Juliska turned into a mill and Miska into a miller. He picked up an ax and started whittling. Suddenly the dark storm clouds reached them with a great whirlwind that almost swept the mill up. Miska stepped on the splinters to make sure the wind did not move them. The storm saw it couldn’t succeed, so it descended on the mill. Miska took up the ax and slashed at it. Blood fell from the clouds like rain [as if from a rain bag]. The storm saw it couldn’t do anything, and turned back. The mill transformed back into Juliska, and the miller into Miska. 

 The old lady got home, and her husband asked: "Did you see them?"
"I didn’t! I saw someone else." 
"Who did you see?"
"A mill and an old miller whittling something. The miller slashed my arm with his ax so bad, it’s still bleeding." 
"You ass! [donkey, idiot]. It was them!" said his majesty Rút furiously. 

The young lovers continued on their journey. They barely made it half a day’s distance, before Juliska’s cheek started burning again. The woman was flying after them again. Juliska says to Miska: "You turn into a dry weed, and I’ll be a little bird."  They immediately transformed. The old lady goes to them: "Listen, you tweeting little bird! Have you seen such and such young people passing by?"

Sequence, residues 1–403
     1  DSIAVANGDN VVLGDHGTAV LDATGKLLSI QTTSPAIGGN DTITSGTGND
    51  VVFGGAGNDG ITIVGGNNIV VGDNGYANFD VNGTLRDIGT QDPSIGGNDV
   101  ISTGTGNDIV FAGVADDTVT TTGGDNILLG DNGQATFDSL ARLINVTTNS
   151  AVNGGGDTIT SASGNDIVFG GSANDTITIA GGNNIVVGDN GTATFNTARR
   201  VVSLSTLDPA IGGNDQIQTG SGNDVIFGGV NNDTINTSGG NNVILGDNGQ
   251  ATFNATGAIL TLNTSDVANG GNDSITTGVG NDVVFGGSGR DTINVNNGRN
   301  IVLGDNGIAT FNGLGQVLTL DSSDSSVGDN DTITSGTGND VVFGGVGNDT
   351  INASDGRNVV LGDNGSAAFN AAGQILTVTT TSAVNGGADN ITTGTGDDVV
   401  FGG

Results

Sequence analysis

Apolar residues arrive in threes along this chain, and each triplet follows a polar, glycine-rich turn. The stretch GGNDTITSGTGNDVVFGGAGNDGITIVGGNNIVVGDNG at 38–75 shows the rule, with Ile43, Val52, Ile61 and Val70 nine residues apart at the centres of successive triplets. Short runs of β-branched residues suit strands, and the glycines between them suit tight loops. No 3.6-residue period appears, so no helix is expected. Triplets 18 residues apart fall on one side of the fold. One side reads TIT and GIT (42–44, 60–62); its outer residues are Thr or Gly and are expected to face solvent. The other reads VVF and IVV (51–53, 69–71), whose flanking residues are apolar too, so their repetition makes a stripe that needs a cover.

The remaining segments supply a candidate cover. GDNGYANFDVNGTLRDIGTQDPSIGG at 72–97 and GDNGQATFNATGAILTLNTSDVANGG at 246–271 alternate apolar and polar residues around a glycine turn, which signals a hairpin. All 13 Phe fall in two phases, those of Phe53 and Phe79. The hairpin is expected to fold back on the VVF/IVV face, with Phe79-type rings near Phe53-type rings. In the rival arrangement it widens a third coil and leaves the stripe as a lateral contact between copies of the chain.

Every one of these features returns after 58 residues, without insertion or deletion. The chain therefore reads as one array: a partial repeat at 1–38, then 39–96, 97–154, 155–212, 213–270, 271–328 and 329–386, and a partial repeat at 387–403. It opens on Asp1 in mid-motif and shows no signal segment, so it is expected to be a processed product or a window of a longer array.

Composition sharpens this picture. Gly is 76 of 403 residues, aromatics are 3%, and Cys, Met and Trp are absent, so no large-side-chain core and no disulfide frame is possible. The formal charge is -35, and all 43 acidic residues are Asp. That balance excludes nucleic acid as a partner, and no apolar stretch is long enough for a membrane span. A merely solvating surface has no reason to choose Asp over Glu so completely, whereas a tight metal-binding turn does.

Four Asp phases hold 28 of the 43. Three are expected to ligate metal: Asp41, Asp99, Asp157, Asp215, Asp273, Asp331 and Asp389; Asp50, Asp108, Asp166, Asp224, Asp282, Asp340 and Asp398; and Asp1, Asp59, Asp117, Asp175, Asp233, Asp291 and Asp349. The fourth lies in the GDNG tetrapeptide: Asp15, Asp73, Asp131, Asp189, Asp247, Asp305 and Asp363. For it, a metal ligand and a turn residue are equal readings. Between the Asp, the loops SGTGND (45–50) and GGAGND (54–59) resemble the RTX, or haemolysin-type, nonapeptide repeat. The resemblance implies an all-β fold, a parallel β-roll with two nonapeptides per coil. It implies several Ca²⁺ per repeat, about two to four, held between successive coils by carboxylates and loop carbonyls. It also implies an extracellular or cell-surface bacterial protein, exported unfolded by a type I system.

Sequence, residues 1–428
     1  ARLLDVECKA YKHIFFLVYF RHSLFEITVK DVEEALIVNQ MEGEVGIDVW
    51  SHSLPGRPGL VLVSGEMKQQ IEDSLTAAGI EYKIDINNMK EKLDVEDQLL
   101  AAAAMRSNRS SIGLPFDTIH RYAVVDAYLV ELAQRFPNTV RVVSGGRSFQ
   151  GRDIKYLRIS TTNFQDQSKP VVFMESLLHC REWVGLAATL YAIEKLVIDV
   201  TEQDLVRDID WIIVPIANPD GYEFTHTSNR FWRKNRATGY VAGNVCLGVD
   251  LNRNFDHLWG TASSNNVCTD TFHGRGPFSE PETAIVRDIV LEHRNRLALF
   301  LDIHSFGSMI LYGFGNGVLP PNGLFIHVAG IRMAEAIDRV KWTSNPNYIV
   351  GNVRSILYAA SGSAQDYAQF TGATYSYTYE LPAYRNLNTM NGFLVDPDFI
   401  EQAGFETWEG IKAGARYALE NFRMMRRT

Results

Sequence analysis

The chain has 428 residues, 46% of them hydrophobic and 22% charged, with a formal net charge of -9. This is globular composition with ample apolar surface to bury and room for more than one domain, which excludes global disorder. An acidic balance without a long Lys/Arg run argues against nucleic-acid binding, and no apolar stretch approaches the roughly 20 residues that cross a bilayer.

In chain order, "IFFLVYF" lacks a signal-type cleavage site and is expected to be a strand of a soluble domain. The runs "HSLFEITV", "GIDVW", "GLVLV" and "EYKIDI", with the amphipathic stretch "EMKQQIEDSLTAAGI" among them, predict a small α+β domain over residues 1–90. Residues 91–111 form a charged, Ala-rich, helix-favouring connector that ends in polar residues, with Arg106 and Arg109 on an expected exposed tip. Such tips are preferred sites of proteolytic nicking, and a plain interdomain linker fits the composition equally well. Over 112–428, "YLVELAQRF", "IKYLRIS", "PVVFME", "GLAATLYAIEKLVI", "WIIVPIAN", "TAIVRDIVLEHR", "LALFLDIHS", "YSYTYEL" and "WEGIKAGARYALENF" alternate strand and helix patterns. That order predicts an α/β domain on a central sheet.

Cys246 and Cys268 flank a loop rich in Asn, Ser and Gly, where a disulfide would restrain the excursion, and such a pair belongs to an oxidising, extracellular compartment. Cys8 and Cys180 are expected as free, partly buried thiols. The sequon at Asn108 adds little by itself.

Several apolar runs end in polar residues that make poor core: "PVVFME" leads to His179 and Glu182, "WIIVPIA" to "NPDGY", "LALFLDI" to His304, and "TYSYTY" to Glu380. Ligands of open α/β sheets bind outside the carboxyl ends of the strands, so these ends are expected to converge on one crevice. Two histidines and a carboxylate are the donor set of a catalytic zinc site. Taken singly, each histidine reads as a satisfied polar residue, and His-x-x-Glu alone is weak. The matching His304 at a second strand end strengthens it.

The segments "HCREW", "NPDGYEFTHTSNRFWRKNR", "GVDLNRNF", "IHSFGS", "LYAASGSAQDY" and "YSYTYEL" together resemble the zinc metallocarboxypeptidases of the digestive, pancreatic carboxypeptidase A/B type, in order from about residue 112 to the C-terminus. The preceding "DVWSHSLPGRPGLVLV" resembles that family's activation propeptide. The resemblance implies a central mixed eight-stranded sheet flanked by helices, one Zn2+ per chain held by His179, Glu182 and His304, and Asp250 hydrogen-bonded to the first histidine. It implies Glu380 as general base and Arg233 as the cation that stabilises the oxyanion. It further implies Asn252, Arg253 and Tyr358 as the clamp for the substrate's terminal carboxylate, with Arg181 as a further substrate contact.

"I have, but back then this dry weed was still green." 
"Ooh! That must have been a long time ago! Not recently…"  The old lady turned the shovel around, and shoveled home. There, her husband got started again: "Have you seen them now?" 
"I have seen nothing except a dry weed and a tweeting little bird. I don’t know where they have gone."
"You ass! It was them!" said the devil, and he was so furious he almost knocked his wife over. "Go after them right away, and bring them both back to me!" 

The old woman set out again. She sat on the iron shovel. "Shivel-shovel, iron shovel, we shall catch up to the pretty girl!" and she set off. Juliska sensed her again. She immediately turned into a golden duck, and Miska into a lake. The woman came, stripped off, put her clothes on the shore, pulled off her ring and placed it on her underskirt. When she was up to her neck in the water to catch the duck, the duck flew up, picked up the ring from her clothes (because all the devil’s power was in it), and the lake went dry. The devil’s wife was left standing. No Juliska, no Miska, no ring! Well, her husband will take it out on her! When she got home, his majesty Rút asked her. "So, you are not bringing them after all? Didn’t you hear what I ordered you to do?"